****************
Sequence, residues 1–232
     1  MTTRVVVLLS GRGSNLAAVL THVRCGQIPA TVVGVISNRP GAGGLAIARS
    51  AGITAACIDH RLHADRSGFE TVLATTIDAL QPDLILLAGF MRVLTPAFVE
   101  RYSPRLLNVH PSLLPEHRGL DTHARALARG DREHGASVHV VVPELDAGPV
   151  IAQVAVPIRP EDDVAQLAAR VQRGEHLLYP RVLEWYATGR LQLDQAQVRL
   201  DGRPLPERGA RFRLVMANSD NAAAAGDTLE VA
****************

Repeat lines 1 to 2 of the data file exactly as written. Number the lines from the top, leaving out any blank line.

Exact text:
Sequence, residues 1–232
     1  MTTRVVVLLS GRGSNLAAVL THVRCGQIPA TVVGVISNRP GAGGLAIARS